“The third great prayer, Wow, is often offered with a gasp, a sharp intake of breath, when we can’t think of another way to capture the sight of shocking beauty or destruction, of a sudden unbidden insight or and unexpected flash of grace.  “wow” means we are not dulled to wonder.  We click into being fully present when we’re stunned into that gasp, by the sight of a birth, or images of the World Trade Center towers falling, or the experience of being in a fjord, at dawn, for the first time.  “w” is about having one’s mind blown by the mesmerizing or the miraculous: the veins in a leaf, birdsong, volcanoes” (pg. 71).this is the place the other nine lepers find themselves.  As they turn to go to the temple, they find they are healed.  WOW.  I mean, WOW!

But what about our Samaritan leper?  Where is his wow?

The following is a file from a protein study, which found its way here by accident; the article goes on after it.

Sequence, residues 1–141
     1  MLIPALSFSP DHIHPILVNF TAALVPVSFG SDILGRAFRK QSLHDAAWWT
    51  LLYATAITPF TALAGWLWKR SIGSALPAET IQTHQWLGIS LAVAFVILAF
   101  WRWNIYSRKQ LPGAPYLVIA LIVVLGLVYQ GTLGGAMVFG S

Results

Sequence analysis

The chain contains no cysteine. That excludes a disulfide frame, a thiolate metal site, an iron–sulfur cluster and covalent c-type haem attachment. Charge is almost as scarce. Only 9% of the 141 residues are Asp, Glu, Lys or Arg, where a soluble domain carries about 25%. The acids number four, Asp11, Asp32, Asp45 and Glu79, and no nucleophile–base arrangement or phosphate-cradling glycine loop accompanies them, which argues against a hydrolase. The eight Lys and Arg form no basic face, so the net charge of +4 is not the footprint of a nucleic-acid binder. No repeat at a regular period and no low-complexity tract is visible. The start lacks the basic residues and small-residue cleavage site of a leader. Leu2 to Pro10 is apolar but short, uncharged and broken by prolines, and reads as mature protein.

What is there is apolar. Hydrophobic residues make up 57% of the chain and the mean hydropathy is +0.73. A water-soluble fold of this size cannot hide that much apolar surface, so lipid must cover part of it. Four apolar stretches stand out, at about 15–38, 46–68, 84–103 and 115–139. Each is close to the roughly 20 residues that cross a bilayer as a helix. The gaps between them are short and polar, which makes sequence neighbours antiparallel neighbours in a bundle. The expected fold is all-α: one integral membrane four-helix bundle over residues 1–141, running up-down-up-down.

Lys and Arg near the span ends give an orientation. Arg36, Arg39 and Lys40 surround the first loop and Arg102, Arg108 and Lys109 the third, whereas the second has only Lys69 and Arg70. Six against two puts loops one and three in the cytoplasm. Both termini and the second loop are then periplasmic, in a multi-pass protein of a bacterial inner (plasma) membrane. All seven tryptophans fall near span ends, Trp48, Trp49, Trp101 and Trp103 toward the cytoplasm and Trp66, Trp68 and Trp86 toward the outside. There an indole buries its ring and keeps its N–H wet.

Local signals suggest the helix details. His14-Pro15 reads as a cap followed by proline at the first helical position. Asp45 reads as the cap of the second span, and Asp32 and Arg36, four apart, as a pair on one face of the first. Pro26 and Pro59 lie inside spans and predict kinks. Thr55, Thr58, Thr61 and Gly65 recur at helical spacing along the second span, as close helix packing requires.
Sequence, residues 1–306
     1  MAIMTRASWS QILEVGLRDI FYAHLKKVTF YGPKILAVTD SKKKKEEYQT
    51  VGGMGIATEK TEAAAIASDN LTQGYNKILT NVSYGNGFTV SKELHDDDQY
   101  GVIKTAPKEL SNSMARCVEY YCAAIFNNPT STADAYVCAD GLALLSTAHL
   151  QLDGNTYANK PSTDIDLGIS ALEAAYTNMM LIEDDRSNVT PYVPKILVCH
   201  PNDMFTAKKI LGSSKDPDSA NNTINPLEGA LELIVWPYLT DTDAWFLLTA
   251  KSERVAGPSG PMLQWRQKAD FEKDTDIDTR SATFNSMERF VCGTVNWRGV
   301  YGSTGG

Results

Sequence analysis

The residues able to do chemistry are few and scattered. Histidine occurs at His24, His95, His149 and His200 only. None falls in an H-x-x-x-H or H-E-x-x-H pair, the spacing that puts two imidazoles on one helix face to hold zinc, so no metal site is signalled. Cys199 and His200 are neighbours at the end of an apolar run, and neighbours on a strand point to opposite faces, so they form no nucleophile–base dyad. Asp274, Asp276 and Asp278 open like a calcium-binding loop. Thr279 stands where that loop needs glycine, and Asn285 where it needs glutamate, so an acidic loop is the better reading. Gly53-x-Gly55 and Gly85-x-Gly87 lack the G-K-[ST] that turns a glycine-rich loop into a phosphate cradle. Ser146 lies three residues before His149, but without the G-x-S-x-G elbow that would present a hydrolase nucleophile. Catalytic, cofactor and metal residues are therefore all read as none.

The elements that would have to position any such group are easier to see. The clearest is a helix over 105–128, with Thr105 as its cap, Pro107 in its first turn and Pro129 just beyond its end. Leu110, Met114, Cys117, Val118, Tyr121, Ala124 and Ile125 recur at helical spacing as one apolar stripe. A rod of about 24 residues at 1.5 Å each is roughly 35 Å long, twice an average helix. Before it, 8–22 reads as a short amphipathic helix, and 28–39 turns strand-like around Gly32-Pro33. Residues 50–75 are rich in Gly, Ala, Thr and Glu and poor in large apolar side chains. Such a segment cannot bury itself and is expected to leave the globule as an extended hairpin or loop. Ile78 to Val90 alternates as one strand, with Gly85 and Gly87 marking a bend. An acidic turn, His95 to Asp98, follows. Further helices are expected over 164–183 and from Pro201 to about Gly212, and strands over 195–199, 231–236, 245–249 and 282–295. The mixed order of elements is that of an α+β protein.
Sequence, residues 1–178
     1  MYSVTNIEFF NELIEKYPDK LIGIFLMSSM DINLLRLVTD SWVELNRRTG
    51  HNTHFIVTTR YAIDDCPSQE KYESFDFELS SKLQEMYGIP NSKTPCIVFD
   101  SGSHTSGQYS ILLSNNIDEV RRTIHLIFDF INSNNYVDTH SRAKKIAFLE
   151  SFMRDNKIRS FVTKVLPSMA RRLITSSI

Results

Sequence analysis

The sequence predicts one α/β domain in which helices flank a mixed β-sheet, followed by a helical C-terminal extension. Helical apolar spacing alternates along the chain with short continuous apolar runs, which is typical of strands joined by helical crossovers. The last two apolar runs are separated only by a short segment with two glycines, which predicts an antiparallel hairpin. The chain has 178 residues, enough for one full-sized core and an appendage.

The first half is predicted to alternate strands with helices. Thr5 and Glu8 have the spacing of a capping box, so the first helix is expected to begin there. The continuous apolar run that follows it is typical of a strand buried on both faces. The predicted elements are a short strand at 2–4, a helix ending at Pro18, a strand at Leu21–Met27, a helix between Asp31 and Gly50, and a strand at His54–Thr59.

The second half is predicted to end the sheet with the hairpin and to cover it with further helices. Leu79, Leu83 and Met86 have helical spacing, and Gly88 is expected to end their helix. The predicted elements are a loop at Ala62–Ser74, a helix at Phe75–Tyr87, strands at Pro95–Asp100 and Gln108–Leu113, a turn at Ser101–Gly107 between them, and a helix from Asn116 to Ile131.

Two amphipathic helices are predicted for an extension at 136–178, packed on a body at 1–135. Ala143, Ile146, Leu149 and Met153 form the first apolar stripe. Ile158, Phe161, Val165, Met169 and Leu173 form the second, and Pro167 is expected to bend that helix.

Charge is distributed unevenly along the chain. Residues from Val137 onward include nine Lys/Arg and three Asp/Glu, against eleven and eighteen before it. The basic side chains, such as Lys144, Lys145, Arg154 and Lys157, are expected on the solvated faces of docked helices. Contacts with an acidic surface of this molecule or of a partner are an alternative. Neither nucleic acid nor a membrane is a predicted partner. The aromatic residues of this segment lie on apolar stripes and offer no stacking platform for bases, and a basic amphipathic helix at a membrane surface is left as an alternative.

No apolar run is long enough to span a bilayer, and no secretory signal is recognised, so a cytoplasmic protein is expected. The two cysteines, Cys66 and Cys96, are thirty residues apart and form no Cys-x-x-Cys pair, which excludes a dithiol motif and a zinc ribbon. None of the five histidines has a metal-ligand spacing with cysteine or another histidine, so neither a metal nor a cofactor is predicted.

We might say his wow is wrapped up with his thanks, because while he can’t go to the priests, small p – he can and does go to THE Priest, capital P.  Jesus.

But we of this age can also skip ahead in the book, to the story of Pentecost in Acts.  The book of Acts is considered by scholars to be by the author of Luke, and so it’s possible to consider that perhaps this Samaritan man was present at Pentecost, as one of the hundred and twenty or so believers.  Perhaps his WOW is his sharing in the events of Pentecost, of bearing witness to God’s deeds of power.  Of bearing witness to his healing as one of those deeds of power.

We have nothing to guarantee that this is true.  But it is certainly possible.  The whole event of Pentecost is a communal WOW.

Closer to our own practice, we might turn once more to Luther, as we did last week using his explanation of the Third Article of the Creed.

This week, we turn to his explanation of the first article:

I believe that God has created me and all that exists.
God has given me and still preserves my body and soul
with all their powers.